of L. Frank Baum's classic plus an unusual children's record version, too.
The next best thing to being there for Blair
Blog, Movies, People, Books
Posted on May 21 2014 by Greg
Cinderella, Alice, Peter Pan, Johnny Appleseed, The Three Caballeros…it’s a small world...
Only a few of the iconic Disney productions touched by the magic brush of painter, stylist, designer and conceptual innovator Mary Blair.
This multi-story mosaic mural still graces Disney's Contemporary Resort in Florida...
and her work extends into children's books (including the still-in-print Little Golden Book "I Can Fly" (below), home furnishings, advertising -- she even did the color design for the movie version of How to Succeed in Business Without Really Trying.
The Walt Disney Family Museum is presenting a spectacular, once-in-a-lifetime exhibit of her amazing work now through September 7.
If you have not been to this fabulous (genuinely) interactive museum yet, this is your excuse to finally experience it. But even if you cannot make it there, curator John Canemaker has lovingly assembled a treasure trove of these art pieces in a new book with the same name as the exhibit: Magic, Color, Flair: The World of Mary Blair.
This new book goes to great lengths to build upon the foundation Canemaker established with his earlier book, The Art and Flair of Mary Blair, which has just been reissued in a new edition. There is so much great art that you’ll be surprised to discover how little the two books overlap. In other words, yes, it’s worth having both volumes.
Mary Blair is also part of the august group of artists represented in Charles Solomon’s new book, The Art of the Disney Golden Books. Inside, you’ll see images of the worlds of Disney that you may have entered yourself through these beloved books. I know I spent hours “living” inside them.
So did animation giants such as Brave co-director Brenda Chapman, Toy Story art director Ralph Eggleston, Monsters, Inc. and Up director Pete Docter, Beauty and the Beast animator Glen Keane and Lilo and Stitch director Chris Sanders, as well as master illustrators Peter Emslie and Russell Schroeder. All of them and more offer personal and professional insights into why these books mean so much to all of us.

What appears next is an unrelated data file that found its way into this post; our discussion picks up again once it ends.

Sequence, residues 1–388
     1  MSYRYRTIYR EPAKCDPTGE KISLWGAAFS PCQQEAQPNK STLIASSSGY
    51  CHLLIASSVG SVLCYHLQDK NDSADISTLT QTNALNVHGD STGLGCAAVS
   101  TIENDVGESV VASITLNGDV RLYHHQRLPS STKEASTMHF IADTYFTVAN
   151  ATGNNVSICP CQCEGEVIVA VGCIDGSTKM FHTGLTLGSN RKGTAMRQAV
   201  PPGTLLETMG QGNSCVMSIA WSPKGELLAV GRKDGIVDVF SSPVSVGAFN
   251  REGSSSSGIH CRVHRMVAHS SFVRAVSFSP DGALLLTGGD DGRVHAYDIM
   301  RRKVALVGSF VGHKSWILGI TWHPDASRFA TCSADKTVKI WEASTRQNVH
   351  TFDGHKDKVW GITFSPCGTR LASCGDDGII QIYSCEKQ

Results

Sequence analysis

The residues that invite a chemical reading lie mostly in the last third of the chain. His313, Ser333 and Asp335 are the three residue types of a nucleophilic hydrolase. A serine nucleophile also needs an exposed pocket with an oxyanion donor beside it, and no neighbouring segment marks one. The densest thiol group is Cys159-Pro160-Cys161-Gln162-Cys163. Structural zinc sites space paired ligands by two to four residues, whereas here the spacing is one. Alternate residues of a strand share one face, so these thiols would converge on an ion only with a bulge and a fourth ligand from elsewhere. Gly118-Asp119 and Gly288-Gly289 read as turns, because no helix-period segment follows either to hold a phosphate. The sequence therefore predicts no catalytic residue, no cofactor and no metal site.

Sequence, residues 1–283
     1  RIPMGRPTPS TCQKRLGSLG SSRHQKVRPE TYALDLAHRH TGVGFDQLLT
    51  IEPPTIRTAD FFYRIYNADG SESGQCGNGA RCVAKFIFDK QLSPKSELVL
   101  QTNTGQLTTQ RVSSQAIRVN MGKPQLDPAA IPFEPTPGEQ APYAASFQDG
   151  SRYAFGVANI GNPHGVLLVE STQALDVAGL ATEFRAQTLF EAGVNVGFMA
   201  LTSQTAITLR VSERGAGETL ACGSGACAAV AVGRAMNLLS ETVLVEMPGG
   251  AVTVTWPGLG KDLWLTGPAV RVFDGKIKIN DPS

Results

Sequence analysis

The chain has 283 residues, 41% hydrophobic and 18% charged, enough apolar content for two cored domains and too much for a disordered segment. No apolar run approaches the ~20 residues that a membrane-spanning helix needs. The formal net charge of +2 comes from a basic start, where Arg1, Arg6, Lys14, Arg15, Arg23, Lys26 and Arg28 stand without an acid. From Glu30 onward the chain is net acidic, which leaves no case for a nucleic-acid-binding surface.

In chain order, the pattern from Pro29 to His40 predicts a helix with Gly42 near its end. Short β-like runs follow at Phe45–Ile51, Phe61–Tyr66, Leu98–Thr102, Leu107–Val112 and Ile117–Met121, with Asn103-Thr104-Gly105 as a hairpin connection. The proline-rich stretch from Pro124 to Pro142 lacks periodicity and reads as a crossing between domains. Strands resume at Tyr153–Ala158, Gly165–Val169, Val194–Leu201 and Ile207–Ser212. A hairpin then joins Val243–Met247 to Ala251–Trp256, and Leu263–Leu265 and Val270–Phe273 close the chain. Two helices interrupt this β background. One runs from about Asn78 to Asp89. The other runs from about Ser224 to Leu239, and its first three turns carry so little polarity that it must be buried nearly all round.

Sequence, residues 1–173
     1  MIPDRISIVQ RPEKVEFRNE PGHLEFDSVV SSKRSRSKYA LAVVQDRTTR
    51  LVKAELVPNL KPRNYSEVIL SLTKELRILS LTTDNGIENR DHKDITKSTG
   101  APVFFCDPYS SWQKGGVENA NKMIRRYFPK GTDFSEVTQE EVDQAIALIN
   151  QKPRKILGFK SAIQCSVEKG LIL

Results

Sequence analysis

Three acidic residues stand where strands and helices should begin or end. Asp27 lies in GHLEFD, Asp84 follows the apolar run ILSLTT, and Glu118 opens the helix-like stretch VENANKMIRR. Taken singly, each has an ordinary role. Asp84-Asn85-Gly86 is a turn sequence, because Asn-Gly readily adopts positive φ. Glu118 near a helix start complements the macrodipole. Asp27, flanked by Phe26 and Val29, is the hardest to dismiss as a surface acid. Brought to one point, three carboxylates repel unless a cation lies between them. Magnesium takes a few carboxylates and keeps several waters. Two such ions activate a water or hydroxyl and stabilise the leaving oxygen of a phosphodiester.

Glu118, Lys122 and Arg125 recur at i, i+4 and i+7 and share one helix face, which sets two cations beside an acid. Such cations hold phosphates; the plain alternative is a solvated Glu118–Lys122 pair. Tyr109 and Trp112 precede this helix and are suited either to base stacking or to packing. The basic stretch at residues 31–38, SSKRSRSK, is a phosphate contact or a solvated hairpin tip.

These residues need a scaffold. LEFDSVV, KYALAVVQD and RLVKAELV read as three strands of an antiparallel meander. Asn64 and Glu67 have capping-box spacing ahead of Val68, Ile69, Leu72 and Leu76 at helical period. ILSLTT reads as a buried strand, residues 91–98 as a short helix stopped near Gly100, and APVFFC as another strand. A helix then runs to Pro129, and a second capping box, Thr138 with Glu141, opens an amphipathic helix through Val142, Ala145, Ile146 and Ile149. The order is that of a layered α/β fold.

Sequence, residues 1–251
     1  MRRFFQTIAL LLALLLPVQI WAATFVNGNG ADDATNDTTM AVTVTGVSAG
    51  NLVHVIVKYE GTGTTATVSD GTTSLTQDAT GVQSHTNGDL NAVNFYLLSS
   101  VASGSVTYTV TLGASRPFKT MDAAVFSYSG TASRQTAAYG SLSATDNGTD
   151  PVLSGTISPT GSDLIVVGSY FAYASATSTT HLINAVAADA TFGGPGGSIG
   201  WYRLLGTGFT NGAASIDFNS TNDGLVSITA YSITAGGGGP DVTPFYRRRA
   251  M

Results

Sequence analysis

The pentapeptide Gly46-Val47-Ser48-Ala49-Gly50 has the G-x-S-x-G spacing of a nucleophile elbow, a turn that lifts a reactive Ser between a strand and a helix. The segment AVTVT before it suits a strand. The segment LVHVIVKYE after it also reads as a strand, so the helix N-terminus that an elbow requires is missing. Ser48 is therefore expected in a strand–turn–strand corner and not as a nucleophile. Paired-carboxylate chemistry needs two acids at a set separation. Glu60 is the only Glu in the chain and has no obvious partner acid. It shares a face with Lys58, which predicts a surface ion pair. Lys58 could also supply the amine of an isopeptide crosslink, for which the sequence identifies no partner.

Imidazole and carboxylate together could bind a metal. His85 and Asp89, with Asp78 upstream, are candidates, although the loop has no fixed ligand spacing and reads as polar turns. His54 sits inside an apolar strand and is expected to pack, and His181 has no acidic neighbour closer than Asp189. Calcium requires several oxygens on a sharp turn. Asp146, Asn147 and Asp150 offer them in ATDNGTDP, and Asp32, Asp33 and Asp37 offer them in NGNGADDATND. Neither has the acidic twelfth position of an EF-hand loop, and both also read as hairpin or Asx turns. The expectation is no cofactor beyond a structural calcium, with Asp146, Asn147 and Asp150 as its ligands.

Like Disney Theme Parks, movies and music, you didn’t just stare passively at Disney Golden Books—you entered them and lived in their world. And you can do it now in the new book, The Art of Disney Golden Books.
“I can’t tell you how many times Mary Blair comes up in discussions, or an illustration somebody saw in a Golden Book,” says Up Producer Jonas Rivera in this book. “They really are a source of a lot of the color, inspiration and storytelling here at Pixar.”
DVD REVIEW: 20 Feet from Stardom
Blog, Movies, People, Music, Records
Posted on May 13 2014 by Greg
I'm so glad this film won the Oscar.
When you learn about Darlene Love's astonishing career, check out her performance at this year's Oscar ceremony (the one with "Adele Dazeem"). You'll give her a standing ovation, too.
As you will for the mega-talented singers who you'll also meet in this film that -- and it's about time -- gives credit where credit is due, to the mega-talented studio and background singers who toiled behind the headliners (hence the title) and/or gave the world gigantic hit performances but were robbed of proper acknowledgement.
Also after watching this film
, go back and look at the liner notes of your pop music albums. You'll see their names. Over and over again.
This documentary also questions the issue of what constitutes "stardom" and true "success." Becoming rich and famous relies on talent, luck, persistence and being at the right place at the right time -- yet some do not achieve it with all four. Yet, is a life well lived, working in a art form that you love, its own reward. Is the grass always greener? Is being content synonymous with "settling?"
I don't think being able to hold onto who are and what is dear to you is "settling." Regardless of being famous or being "niche," integrity matters, quality matters, and these artists exemplify these attributes.
Even if they aren't household names, how many of the biggest name in entertainment remembered by the general public after more than a few decades? What matters is what they have given us to enjoy and cherish. That is what lives on.
Cheers to you, great makers of music magic.
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